STEVEN LEE/THE VARSITY

An updated draft of the controversial university-mandated leave of absence policy was released by the Office of the Vice-Provost, Students on April 27. The new draft includes greater detail on accommodations for students placed on leave, as requested by the Ontario Human Rights Commission (OHRC). As part of the release, the university is also soliciting online feedback from members of the U of T community.

In an April 27 memo, Sandy Welsh, Vice-Provost Students, said that the university has been reviewing the proposed policy since the end of January. The memo states that the new draft “amplifies the intent and application of policy and is responsive to concerns raised.” Students have until May 16 to provide feedback via the student consultations website.

If approved by Governing Council, the policy would allow the university to place students on a non-punitive but mandatory leave of absence if their mental health either negatively impacts their studies or poses a dangerous, physical risk to themselves or others.

The proposed policy has attracted significant resistance since its introduction in October 2017. It was initially slated to be voted on by Governing Council at the end of 2017, but was delayed two months after backlash from students and student groups. The proposal also attracted the attention of the OHRC, which sent a letter to Governing Council on January 29 asking the university to delay the policy’s approval. The OHRC stated that the draft fell short of meeting the “duty to accommodate,” which is the responsibility to accommodate students’ mental health issues to the point of undue hardship.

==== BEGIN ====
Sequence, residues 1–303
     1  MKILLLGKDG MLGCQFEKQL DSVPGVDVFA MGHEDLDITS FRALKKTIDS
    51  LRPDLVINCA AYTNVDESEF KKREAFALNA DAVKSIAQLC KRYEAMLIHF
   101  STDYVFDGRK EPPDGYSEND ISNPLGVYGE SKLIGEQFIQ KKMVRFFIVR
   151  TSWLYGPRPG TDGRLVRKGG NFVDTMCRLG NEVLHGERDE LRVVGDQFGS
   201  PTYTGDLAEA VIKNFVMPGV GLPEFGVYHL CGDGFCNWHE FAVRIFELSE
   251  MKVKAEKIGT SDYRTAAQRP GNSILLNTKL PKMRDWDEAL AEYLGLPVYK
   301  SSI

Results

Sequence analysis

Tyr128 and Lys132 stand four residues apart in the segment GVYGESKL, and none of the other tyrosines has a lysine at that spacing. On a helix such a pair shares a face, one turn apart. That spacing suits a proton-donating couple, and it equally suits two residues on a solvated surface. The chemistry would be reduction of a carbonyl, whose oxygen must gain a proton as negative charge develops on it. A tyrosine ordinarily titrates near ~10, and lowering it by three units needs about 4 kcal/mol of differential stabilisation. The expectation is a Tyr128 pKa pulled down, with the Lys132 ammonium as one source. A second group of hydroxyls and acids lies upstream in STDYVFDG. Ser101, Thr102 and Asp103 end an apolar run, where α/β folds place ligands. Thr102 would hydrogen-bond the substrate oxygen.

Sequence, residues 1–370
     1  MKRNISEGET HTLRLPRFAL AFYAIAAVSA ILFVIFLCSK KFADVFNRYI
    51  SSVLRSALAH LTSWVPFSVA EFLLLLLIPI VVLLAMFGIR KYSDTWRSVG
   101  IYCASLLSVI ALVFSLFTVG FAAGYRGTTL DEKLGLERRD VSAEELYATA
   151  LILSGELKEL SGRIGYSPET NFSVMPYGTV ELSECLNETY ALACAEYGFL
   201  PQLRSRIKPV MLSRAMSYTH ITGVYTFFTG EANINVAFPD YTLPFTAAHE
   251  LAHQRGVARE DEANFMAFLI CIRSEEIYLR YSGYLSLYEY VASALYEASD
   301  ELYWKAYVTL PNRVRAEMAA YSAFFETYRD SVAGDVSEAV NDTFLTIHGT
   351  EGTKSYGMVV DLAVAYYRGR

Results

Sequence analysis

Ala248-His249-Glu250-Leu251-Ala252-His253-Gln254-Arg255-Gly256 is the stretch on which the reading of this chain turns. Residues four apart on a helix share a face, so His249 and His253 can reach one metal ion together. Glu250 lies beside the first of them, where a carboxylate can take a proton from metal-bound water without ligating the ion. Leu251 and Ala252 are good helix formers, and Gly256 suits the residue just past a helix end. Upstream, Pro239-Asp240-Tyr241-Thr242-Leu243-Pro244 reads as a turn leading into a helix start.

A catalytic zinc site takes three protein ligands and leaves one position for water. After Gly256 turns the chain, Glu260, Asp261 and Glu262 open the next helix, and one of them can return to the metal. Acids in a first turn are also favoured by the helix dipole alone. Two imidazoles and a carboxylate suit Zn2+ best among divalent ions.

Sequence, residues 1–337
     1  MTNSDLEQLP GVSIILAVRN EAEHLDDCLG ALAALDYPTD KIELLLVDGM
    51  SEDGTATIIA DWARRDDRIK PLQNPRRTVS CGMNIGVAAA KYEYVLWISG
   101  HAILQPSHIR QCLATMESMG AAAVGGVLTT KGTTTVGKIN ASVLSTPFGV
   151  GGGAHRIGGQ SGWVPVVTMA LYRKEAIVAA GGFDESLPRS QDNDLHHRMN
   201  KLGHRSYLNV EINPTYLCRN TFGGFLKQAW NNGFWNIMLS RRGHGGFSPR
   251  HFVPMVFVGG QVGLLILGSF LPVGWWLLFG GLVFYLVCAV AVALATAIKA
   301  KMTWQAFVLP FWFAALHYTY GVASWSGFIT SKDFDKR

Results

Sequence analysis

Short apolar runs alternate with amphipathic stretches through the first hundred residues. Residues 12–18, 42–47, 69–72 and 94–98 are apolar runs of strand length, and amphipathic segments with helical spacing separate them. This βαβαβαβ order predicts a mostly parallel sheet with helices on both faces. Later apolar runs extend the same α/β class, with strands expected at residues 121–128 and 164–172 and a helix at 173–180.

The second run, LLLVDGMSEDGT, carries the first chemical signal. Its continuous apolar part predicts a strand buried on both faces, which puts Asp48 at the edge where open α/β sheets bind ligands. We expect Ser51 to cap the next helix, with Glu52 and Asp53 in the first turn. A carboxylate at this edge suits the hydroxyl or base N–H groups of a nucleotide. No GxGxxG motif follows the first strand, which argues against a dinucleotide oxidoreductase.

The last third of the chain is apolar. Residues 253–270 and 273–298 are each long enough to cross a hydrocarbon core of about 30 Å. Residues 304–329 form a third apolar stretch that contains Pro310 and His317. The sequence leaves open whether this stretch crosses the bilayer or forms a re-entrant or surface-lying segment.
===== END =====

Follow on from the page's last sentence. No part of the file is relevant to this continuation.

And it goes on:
Changes to the updated draft were designed to respond to the OHRC’s concerns. The proposed policy now includes a definition of ‘accommodation,’ which is “one or more accommodative measures (e.g. academic accommodations such as extra time to write an exam, physical accommodations to assist in the learning environment, etc.) provided pursuant to the Ontario Human Rights Code’s duty to accommodate up to the point of undue hardship.”

The updated policy also includes clauses describing how a student can participate in the process of determining accommodations, provisions for meeting with campus health resources prior to the policy being invoked, and how to provide accommodative measures once the student is approved to return to their studies.

In addition, the new draft further expounded on the “Threshold for Intervention,” renamed the “Threshold for Invoking the Policy.” A concern of the University of Toronto Students’ Union (UTSU) and other stakeholders was that the definition of a scenario in which a student’s mental health negatively affected their studies was too broad.

The draft now states that “this scenario is not intended to apply to situations where a Student is academically unsuccessful and the normal consequences of failing to meet academic standards should apply, but rather to situations involving serious behavioural problems that may be related to mental health or other similar issues, which result in the Student’s inability to fulfill the essential activities required to pursue their program.”

However, the policy leaves out a chief recommendation from members of the university community — that the process require the presence of a medical professional throughout. In his January 2018 executive report, then-UTSU President Mathias Memmel said that “mental health problems are medical problems, and medical decisions should be made by medical professionals.”

The draft policy is slated to be voted upon at the next University Affairs Board meeting on May 24. If the vote passes, it would be recommended to Governing Council for final approval.

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